Аа, уважение личности ребенка, да, оно не долж… оно должно быть двусторонним, то есть не должны страдать права родителей. Вот. Я… я сейчас много над этим думаю, потому что у нас тоже возникла такая проблема, потому что я со своей стороны Яну воспитываю в русском духе, то есть, это свобода личности, чтобы ребенок чувствовал себя свободным и его личность могла раскрыться полностью, да? Аа… папа старался, хотя он не очень противился, да, но он мне постоянно как-то пок… пок.. давал понять, что, вот, в Китае не так. Но я как-то, вот, была, видимо, сильнее, и сейчас  я пожинаю плоды… (смеются) не очень хорошие плоды в отношении Яны, потому что я понимаю, что это… что я в каком-то смысле была не права, вот, привнеся в наш… в нашу систему воспитания детей вот это вот наше русское понимание, да. Я не думаю, что моё вот… сейчас я пересматриваю свои… своё отношение к воспитанию, я думаю, что, вот это русское… русское воспитание, когда идёт… дети предоставлены сами себе, идёт… ребёнок становится мм… диктатором…

VS: Like in America?  - Как американки?

Nina: Yes, like in America, and, as I understand, this problem exists both in America and Europe. And there you have a system of juvenile justice... I feel that this has become a big contradiction, when a country allows children everything they want, but at the same moment the rights of parents are violated by this justice, so, it becomes a threat to the family union...

 Да, как в Америке, вот я смотрю, и в Америке, и в Европе эта же проблема возникает. И тут у нас возникла еще ювен… ювенальная юстиция, и это становится страшным противоречием, когда ребёнку всё можно, а права родителей ущемляются таким образом, и это сна… становится уже угрозой для семьи в каком-то смысле...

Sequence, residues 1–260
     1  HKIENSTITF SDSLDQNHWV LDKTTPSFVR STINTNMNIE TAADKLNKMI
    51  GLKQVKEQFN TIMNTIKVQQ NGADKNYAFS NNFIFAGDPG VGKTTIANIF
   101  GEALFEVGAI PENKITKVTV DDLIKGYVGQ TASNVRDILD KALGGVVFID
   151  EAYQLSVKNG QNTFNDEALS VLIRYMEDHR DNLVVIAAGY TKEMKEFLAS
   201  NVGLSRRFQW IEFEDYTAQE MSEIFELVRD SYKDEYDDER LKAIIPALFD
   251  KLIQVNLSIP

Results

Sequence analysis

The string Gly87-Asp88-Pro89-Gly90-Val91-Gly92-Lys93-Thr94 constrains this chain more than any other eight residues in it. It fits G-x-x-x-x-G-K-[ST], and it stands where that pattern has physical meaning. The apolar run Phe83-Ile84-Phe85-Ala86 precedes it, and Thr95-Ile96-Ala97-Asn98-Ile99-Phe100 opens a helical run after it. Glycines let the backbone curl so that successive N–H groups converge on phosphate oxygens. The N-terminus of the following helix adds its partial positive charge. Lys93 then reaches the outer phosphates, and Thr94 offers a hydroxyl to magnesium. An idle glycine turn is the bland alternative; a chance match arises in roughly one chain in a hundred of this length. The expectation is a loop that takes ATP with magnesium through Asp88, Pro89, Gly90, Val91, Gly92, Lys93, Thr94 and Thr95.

Nina also went on to explain that, because the teachers had absolute power over their pupils, they   could be less empathetic and caring; this might also be due tho the large class size in China. Here follows Nina’s comment;

Nina: ...I decided, that my child should study at the embassy school for ex-patriot children in Beijing. ... So, we enrolled her in the school. ... she, for first time in her life, experienced a Russian school. She saw there were not sixty pupils in a class, she saw the teacher was actually kind... That really inspired her.

... я решила записать её в посольскую школу на экстернат, в посольской школе есть экстернат... Мы поступили... Она увидела обстановку русской школы, что там не шестьдесят человек, учительница была очень доброжелательна, познакомила её с классом очным, она посидела один урок... Вот это вот, конечно, её очень вдохновило.

In sum, Confucian concepts are respected and honored in modern China, by Chinese and foreigners alike. Clearly, Confucian moral values also live on in Chinese schools. Students learn how to have successful relationships with people of different ages, how to behave according to the the concepts of ren. In school, students learn to share and be kind; they also treat each other equally. Clearly, Chinese schools offer academic as well as moral training, per Confucian philosophy.




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Emanuel Paparella2014-02-22 13:11:12
What I find intriguing about the original clash between Confucianism and Communist ideology is that while Confucianism was a native philosophy of life, Communist Marxian philosophy is a Western importation but was nevertheless privileged vis a vis Confucianism. That is a paradox worth pondering still today because it reveals much about a government tied to an ideology which conceives this short earthly life all there is for man and rejects transcendence, which is another way of saying that it rejects the ultimate goals of human existence and settles for its penultimate economic goals. That goes a long way in explaining the rejection of religion (dubbed "poison" by Mao)and its transcendent values in favor of a pragmatic utilitarian economic theory mired in materialism. This seems to me a poor bargain indeed!